I have kept cardinals in a 90 L Jebo style tank for 2 years. They are some of the most beautiful fish I own. Tank bred stock will generally be more adaptable. They will normally have grown up in pH 7.0, harder water than wild fish and be accustomed to this pH and hardness. Avoid wild stock, unless you are an avid aquarist. They thrive generally on good quality flake. Some bloodworms and brine shrimp serve well as a weekly treat. You can never spend enough on QUALITY flake and frozen food for that matter. Flake is usually the staple diet so do not be tight. It will cost you more in stock in the long run if you skimp and your fish will not look as good. Try and find a flake that has freeze dried bloodworms and daphnia and smells strong an fishy (I use Hikari GVG mix). As with most tropical fish, cardinals love fresh water and a regular water change is vital.
Recently I have introduced 6 Cardinals to my tank consist of 10 Neons, 10 Pristellas and 7 Black Neon and they seems to be blend well in environment with plenty of vegetation. From my observation, they are not as timid as the neons, but they tend to be slower, especially during feeding time. The full bright blue stripes distinctively differentiate them from the neons. They are peaceful fish which should be kept with similar size tankmates.
To better the survival rate of delicate cardinal tetras, I wait until the day before the shop's weekly shipments come in to pick them up. In this case I purchase them on Wednesdays. This will have given them a week to acclimate and settle into their pet store tanks and enough time to weed out the weaker ones. Remember that susceptible fish are highly stressed by the process of transport and then transfer to new water in the pet store. Then if you buy them immediately after their arrival to put in your home tank, this could deal the final blow which will kill the fish within hours or days. I learned this the hard way. If there is a high demand for cardinals in your area, see if the store will let you buy them in advance and hold them for you until they have adjusted. Remember that fish sellers' stocks of Paracheirodon axelrodi are virtually all wild-caught, so the longer you can keep your cardinal, the better. Because of high-demand and low survival rates, the trade could threaten or endanger this species--not to mention the human-engineered threats to their natural habitat in the Amazon. I hope to succeed in breeding and rearing this fish someday.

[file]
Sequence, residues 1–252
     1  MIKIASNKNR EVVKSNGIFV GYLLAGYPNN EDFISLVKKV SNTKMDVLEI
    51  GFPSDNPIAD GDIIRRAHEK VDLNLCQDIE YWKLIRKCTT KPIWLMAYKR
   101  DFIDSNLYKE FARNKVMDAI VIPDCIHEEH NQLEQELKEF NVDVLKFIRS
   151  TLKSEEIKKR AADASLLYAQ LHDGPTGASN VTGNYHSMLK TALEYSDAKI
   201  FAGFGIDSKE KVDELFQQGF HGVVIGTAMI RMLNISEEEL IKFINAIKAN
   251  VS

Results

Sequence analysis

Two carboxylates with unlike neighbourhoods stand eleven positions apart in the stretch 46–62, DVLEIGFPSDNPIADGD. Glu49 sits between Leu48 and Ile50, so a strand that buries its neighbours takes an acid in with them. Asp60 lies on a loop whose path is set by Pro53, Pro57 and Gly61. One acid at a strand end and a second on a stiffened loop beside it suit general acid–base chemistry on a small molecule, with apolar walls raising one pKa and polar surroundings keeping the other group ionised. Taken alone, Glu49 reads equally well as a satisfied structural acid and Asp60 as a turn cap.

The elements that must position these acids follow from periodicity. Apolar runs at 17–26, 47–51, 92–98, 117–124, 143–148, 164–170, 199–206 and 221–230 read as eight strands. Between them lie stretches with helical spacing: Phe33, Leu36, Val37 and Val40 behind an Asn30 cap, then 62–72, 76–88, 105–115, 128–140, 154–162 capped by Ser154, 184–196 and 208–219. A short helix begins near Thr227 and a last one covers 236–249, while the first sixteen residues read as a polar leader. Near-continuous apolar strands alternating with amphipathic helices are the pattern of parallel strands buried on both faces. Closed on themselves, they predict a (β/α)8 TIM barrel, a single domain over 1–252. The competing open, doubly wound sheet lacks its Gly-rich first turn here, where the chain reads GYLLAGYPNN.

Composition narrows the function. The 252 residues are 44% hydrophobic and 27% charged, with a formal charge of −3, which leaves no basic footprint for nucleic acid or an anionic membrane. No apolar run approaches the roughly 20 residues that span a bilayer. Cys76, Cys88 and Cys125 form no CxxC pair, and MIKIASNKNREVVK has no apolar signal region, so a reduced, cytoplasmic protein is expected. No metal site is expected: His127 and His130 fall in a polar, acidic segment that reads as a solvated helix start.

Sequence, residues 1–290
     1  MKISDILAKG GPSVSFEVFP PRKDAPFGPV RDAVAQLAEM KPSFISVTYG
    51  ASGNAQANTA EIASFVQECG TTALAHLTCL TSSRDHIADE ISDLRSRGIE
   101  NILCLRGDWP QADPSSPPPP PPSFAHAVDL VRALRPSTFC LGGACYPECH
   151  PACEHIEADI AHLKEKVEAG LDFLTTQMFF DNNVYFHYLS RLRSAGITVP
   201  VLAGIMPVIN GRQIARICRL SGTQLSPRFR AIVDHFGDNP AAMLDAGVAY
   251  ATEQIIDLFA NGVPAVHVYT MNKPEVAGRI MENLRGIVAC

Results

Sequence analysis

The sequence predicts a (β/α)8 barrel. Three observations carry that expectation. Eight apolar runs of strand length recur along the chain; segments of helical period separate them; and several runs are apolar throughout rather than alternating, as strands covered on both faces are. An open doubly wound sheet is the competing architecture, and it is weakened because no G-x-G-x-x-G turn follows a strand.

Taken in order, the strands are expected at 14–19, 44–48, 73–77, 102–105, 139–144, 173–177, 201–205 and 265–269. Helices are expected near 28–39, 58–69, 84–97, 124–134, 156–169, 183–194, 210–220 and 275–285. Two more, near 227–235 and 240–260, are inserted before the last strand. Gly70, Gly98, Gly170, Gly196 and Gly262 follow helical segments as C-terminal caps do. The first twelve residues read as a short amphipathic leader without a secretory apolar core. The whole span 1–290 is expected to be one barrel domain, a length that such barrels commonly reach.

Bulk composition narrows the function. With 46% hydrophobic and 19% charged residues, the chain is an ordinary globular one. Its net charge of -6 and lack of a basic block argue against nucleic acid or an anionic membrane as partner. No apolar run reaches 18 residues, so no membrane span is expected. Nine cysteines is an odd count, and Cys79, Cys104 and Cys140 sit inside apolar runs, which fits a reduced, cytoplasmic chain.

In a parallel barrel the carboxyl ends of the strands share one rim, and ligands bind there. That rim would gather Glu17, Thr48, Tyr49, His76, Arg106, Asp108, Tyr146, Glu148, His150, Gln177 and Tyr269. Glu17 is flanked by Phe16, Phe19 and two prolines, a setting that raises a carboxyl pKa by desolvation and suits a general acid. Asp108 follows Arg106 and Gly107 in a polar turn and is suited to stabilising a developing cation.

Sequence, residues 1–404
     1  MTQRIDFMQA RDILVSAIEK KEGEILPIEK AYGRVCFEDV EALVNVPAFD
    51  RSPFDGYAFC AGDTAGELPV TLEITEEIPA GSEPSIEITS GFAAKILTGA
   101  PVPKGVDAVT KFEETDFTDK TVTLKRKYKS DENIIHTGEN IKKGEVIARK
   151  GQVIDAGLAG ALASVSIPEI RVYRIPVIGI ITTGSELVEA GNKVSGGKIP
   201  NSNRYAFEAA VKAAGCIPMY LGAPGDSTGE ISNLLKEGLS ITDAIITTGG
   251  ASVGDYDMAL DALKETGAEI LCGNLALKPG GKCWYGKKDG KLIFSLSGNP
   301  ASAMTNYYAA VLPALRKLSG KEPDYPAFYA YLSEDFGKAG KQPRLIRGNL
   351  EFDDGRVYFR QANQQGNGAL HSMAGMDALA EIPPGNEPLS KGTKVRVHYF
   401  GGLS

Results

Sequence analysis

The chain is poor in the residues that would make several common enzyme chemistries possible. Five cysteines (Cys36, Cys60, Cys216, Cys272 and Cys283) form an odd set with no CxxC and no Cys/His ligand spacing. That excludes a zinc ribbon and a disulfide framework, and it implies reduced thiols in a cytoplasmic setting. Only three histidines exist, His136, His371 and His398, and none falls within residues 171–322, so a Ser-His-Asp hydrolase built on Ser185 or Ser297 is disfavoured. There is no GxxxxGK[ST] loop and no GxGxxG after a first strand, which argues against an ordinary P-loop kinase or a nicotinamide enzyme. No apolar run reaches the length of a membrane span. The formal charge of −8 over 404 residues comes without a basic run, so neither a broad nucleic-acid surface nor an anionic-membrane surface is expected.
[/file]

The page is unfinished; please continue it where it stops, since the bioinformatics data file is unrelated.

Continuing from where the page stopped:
I've never had a problem with these fish, only neon tetras. One cardinal tetra survived pH 8, moves from a 100 L tank to a 200 L, a mysterious disease outbreak, then a move to a 150 L before dying. I would just like to add that I have had two experiences of these fish playing dead when they are being moved. One almost got flushed when he was floating upside down and not breathing. He was pretty convicing. He is still alive and happy today. Wierd...
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